May 13, 2022


Joshua Stickney, Ella Baker Center for Human Rights, 405-315-4151

Ashley Chambers, Ella Baker Center for Human Rights, 510-285-8227

OAKLAND, CA – In response to the release of Governor Gavin Newsom’s May Revise to the 2022-2023 state budget on Friday, the Ella Baker Center for Human Rights calls for a renewed commitment to close California prisons and expedited releases of incarcerated people. In a sign of progress and a small victory for decarceration and prison closure advocates, the proposed budget states, “it may be possible to close three additional state prisons by 2024-25.” The Division of Juvenile Justice (DJJ)— which halted intake in July 2021 — is also on track to close by 2023, with individualized transition plans in place for the 300 remaining incarcerated youth. While the budget dedicates funding to address homelessness and the root causes of child poverty, more investments in community resources and support systems for people reentering society are needed in order to create safer communities.

“With COVID outbreaks on the rise in our prisons, releasing people from prison is how we keep people inside and outside safe from the spread of the virus — and it’s how we reunite families,” said Marlene Sanchez, Executive Director of the Ella Baker Center. “We are thrilled to hear that California may soon close more prisons, in addition to DJJ and we look forward to advocating alongside folks inside and their communities on the outside to safely bring people home. It’s important to invest state funds in building support systems for people returning home. Investing in housing, education, healthcare and jobs is paramount to building up our communities.”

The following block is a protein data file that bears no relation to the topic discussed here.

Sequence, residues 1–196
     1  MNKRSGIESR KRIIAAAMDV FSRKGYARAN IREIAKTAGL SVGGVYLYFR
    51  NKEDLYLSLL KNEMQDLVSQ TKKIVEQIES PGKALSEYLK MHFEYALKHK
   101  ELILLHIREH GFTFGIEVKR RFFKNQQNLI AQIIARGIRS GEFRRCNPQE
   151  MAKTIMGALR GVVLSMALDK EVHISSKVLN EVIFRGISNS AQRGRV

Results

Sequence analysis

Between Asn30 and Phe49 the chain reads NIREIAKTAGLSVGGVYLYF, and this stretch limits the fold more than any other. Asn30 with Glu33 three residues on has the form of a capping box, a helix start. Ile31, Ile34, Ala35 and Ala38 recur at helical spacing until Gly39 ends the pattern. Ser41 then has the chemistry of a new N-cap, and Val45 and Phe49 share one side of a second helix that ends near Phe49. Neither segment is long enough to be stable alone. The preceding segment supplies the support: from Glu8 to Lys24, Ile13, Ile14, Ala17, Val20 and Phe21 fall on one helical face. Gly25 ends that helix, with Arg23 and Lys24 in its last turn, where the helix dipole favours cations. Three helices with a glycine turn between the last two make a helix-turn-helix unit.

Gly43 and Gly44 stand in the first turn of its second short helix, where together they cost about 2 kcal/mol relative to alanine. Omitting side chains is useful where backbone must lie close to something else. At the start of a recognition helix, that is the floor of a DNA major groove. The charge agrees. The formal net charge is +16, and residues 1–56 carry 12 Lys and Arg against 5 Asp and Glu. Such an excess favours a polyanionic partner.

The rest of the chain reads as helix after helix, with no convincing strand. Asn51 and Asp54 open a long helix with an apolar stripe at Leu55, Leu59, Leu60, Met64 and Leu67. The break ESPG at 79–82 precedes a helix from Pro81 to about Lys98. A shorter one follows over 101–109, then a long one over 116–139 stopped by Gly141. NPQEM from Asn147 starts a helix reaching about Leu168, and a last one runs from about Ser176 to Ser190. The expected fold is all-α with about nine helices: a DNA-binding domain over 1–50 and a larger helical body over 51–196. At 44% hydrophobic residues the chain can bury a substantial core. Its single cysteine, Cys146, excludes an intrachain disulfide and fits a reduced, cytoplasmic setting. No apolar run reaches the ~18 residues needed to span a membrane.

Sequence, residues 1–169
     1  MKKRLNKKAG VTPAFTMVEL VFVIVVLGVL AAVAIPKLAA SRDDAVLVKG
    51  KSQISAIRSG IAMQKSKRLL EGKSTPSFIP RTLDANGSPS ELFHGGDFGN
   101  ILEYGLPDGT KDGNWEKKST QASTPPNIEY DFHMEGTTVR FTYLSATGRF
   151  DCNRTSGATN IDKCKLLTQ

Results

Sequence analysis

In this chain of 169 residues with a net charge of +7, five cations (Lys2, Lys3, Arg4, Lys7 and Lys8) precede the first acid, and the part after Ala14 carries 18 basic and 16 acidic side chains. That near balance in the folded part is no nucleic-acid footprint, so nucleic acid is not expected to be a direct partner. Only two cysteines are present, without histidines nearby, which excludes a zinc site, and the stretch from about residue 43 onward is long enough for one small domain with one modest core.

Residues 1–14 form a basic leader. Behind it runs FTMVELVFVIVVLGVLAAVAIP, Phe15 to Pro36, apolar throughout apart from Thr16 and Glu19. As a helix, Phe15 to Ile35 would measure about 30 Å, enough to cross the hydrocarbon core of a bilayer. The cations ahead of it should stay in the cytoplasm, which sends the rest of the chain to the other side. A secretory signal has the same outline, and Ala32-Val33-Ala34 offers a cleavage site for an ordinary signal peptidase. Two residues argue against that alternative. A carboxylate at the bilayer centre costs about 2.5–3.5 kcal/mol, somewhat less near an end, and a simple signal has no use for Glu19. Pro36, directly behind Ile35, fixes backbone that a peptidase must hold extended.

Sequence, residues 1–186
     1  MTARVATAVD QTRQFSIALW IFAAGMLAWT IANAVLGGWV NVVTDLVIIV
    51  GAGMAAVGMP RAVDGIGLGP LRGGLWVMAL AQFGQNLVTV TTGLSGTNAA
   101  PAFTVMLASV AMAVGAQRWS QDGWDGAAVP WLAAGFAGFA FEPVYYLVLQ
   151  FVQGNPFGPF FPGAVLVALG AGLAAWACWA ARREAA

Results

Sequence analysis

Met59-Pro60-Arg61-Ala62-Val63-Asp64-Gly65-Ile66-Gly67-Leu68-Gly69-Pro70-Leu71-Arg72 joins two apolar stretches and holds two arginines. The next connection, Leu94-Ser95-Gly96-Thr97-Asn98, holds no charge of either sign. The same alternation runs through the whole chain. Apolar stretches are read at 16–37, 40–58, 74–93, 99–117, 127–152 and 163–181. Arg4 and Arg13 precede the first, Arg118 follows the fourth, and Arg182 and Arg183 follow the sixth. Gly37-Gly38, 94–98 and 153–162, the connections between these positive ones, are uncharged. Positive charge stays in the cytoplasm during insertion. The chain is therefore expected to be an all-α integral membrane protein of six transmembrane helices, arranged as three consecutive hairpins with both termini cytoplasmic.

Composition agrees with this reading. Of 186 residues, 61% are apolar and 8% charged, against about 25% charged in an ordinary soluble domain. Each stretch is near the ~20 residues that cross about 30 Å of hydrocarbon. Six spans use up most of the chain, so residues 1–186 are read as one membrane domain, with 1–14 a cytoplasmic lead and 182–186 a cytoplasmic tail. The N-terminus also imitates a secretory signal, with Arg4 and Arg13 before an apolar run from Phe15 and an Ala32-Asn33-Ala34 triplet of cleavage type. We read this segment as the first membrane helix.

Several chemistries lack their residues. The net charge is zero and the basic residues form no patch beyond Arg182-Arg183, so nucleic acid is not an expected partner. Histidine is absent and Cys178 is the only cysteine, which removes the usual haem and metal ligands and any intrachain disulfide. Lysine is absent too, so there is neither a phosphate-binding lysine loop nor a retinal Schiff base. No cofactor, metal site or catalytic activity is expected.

Despite efforts in 2022 to reduce the prison population, the carceral system is still extraordinarily overcrowded. As of May 11th  2022, the prison population is 110% and expected to increase by 3,342 individuals between 2021-22 and 2022-23. In the last two weeks alone nearly 500 new cases of COVID have been documented in our state prisons. 

“Research shows that vaccines are not as effective in overcrowded prisons,” said Policy Director Emily Harris. “In order to avoid unnecessary and deadly COVID-19 outbreaks in state prisons that spread into surrounding communities, we must reduce the prison population. That’s why we urge Governor Newsom to expedite releases, invest in successful reentry programs and close additional state prisons. Our state must do more to invest in growth and support instead of punishment and prisons.”

Earlier this year, Thanh Tran was issued a commutation by Governor Newsom before being resentenced and released on May 11, 2022. Tran — an inaugural Inside Fellow with the Ella Baker Center — survived  the first COVID-19 outbreak at San Quentin State Prison in June 2020. He echoes the call of those incarcerated at San Quentin and across the state to issue early releases and reduce the spread of COVID-19 inside.

We are living in a COVID-stricken California where everyone is suffering and the tax dollars going towards incarceration is hurting our state more than it’s helping,” said Thanh Tran. “I was just released from San Quentin State Prison after contracting COVID for the third time. After the San Quentin population was dramatically reduced due to 28 deaths during the first COVID outbreak, the prison was overcrowded again, sparking two more outbreaks and one of the largest outbreaks in history.

“Now that I’m home after experiencing three COVID outbreaks inside, I can say with confidence that releasing people is the best way we keep our community members on the inside safe, both those incarcerated and prison staff. Now is the time to invest in strengthening our communities by releasing more people, investing in reentry, closing prisons, and reuniting families, not breaking them further apart.”